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The hypertonic pelvic floor

Tue 15, Jan 2019

What is a hypertonic pelvic floor?

A hypertonic pelvic floor occurs when the muscles in the pelvic floor become too tense and are unable to relax. Many people with a tense and non-relaxing pelvic floor experience pelvic health concerns such as constipation, painful sex, urgency and pelvic pain. A hypertonic pelvic floor may also be accompanied by tension in surrounding hip and pelvic muscles such as the piriformis, obturator internus, coccygeus and hamstrings.

  

What causes a hypertonic pelvic floor?

There is no one defining cause of a hypertonic pelvic floor; however, there are several activities which can lead to the muscles tightening up. As an example, many people who spend a lot of time working out and holding onto their core muscles can develop tension in their pelvic floor because they keep these muscles switched ‘on’ without giving the muscles times to relax and let go.

People who have a history of holding on to their bladder and/or bowels can also develop tension in their pelvic floor muscles. For instance, some people feel uncomfortable using public toilets so may hold on to their bladders for hours until they come back home from school, work or social activities. The act of holding on means the pelvic floor muscles are tightening to prevent the loss of control.

As high levels of stress, fear or anxiety can cause muscles to reflexively tighten, these factors can lead to a hypertonic pelvic floor. Consider how a puppy behaves when it is afraid—it runs away with its tail between its legs. Similarly, humans have a primitive response during fight or flight where the tailbone tucks under. The pelvic floor muscles are attached to the tailbone and this causes the muscles to shorten.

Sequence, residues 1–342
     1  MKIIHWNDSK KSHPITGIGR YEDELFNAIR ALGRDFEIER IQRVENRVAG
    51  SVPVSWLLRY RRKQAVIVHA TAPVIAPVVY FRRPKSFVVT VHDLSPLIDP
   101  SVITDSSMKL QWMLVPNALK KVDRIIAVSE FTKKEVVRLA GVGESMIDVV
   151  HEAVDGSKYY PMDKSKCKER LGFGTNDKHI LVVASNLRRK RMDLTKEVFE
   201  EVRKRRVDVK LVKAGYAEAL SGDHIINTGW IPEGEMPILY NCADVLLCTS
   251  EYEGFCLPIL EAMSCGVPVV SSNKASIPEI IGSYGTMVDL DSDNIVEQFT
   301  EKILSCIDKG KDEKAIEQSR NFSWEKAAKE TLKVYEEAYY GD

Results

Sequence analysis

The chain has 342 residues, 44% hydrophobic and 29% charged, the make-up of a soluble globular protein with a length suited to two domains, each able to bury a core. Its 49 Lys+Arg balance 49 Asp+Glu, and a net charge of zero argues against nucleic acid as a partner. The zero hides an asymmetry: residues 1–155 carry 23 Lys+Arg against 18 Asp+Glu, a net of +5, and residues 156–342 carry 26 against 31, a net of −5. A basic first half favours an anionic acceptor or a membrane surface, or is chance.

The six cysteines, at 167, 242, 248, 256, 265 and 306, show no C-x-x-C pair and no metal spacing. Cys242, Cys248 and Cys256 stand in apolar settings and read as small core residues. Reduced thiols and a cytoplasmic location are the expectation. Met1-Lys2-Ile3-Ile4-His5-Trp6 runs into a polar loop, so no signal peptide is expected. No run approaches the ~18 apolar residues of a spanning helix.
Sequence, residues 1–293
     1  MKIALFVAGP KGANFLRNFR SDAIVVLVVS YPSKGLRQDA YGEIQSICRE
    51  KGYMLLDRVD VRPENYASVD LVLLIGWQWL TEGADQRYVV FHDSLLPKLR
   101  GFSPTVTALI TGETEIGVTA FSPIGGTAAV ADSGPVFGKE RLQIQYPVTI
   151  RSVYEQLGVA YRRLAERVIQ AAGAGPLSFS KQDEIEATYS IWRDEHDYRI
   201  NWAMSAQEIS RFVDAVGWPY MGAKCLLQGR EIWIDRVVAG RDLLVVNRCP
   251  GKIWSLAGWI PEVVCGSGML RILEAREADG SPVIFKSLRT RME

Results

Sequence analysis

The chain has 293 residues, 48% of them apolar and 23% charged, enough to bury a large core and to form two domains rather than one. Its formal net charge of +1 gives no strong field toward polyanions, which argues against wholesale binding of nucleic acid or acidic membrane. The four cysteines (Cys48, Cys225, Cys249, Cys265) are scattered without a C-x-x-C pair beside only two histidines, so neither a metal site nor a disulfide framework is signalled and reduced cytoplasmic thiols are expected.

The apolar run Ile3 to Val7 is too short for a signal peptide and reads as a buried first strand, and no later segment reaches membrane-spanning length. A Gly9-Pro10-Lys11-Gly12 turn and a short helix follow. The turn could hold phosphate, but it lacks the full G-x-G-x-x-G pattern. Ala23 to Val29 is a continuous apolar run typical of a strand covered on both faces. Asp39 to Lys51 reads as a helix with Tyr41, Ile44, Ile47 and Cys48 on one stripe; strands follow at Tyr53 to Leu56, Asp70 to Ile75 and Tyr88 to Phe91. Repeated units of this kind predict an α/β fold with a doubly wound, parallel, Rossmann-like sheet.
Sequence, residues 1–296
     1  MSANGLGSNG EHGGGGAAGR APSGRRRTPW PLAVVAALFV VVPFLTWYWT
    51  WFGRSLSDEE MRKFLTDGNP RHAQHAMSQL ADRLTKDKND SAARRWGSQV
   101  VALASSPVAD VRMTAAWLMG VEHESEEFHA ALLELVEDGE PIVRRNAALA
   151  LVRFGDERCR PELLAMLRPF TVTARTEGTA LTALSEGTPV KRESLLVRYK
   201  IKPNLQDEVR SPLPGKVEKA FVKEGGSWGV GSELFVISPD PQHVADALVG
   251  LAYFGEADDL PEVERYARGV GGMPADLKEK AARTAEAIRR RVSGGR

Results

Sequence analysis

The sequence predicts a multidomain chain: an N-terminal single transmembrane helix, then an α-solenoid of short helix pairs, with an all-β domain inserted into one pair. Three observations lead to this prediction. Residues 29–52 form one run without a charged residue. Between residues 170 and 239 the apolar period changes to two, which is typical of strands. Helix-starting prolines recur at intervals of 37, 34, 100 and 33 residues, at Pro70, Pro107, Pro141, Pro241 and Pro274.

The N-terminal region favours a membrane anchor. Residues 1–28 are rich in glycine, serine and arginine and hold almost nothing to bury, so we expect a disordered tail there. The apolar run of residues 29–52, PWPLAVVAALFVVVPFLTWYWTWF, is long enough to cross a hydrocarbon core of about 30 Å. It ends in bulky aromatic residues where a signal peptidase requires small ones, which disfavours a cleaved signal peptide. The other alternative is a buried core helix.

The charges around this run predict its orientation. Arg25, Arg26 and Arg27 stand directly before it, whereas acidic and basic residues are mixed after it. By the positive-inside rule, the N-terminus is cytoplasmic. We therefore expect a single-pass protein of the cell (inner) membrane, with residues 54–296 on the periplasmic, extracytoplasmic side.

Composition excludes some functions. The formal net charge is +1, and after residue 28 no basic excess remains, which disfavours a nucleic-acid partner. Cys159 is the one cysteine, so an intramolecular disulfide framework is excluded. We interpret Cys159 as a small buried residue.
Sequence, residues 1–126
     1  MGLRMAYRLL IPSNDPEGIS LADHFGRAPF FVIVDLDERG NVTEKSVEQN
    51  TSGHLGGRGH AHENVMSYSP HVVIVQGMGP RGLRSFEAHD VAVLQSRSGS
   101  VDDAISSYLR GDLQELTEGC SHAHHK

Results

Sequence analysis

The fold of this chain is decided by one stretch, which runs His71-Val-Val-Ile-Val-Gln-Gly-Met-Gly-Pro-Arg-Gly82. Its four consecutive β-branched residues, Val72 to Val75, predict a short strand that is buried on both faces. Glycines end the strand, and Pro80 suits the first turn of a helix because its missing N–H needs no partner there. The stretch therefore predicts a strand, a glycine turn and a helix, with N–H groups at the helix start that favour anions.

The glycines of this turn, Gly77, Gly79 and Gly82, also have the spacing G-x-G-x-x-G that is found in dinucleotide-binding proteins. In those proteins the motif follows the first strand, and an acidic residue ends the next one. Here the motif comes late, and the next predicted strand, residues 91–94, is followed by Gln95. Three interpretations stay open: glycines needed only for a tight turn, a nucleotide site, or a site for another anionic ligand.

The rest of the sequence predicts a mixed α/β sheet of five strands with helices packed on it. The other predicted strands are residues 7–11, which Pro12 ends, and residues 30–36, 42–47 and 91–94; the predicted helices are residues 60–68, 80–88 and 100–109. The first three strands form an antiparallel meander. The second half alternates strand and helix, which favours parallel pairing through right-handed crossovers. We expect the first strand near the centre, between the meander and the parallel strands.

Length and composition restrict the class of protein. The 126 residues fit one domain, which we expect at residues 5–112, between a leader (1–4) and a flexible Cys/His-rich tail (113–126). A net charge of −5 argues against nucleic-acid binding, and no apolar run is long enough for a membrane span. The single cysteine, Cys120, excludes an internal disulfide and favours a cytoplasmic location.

Pelvic health and abdominal health conditions can also result in hypertonicity of the pelvic floor. For example, many women with endometriosis can develop tense pelvic floor muscles due to the chronic pain and inflammation in the pelvis. Similarly, a history of irritable bowel syndrome with abdominal pain and cramping can result in pelvic floor muscle pain and cramping. Other conditions linked to a hypertonic pelvic floor include interstitial cystitis, pudendal neuralgia and vulvodynia.

Birth trauma and scar tissue is another cause of tightness in the pelvic floor muscles. Women who experience perineal tearing or vaginal tearing may be at a higher risk, as the pain and scarring can cause the pelvic floor muscles to tighten protectively. One-sided pelvic floor tears can cause the opposite side of the pelvic floor to tighten due to overactivity.

It is crucial to identify the cause of the pelvic floor hypertonicity in each individual. A continence  physiotherapist will be best equipped to do this.

What are the signs and symptoms of a hypertonic pelvic floor?

The typical sign of a hypertonic or non-relaxing pelvic floor is pelvic muscle pain; however, there are a variety of signs and symptoms, including:

  • constipation
  • incomplete emptying of the bowels
  • straining when emptying the bowels
  • pelvic pain
  • low back pain
  • hip pain
  • coccyx pain
  • painful sex
  • vaginismus
  • urinary incontinence
  • incomplete emptying of the bladder
  • slow flow of urine
  • hesitancy or delayed start of urine stream
  • urinary urgency
  • urinary frequency, and
  • painful urination.

What to do if you think you or your client has a hypertonic pelvic floor?

If you have any of the signs or symptoms of a hypertonic pelvic floor, or you have a client that communicates any of these signs or symptoms, seeing a continence physiotherapist is essential. The physiotherapist will be able to identify the root cause of the hypertonicity and provide tools to help  overcome this.

A continence physiotherapy session may involve a combination of the following:

  • pelvic floor muscle relaxation techniques
  • breathing techniques
  • advice on bladder and bowel habits
  • pelvic floor and abdominal massage techniques
  • the use of vaginal dilators for women, to stretch the pelvic floor muscles
  • pelvic and hip stretches, and
  • scar tissue massage techniques.

Written by Heba Shaheed - physiotherapist, nutritionist and exercise specialist and co-founder and CEO of The Pelvic Expert thepelvicexpert.com.

 

 


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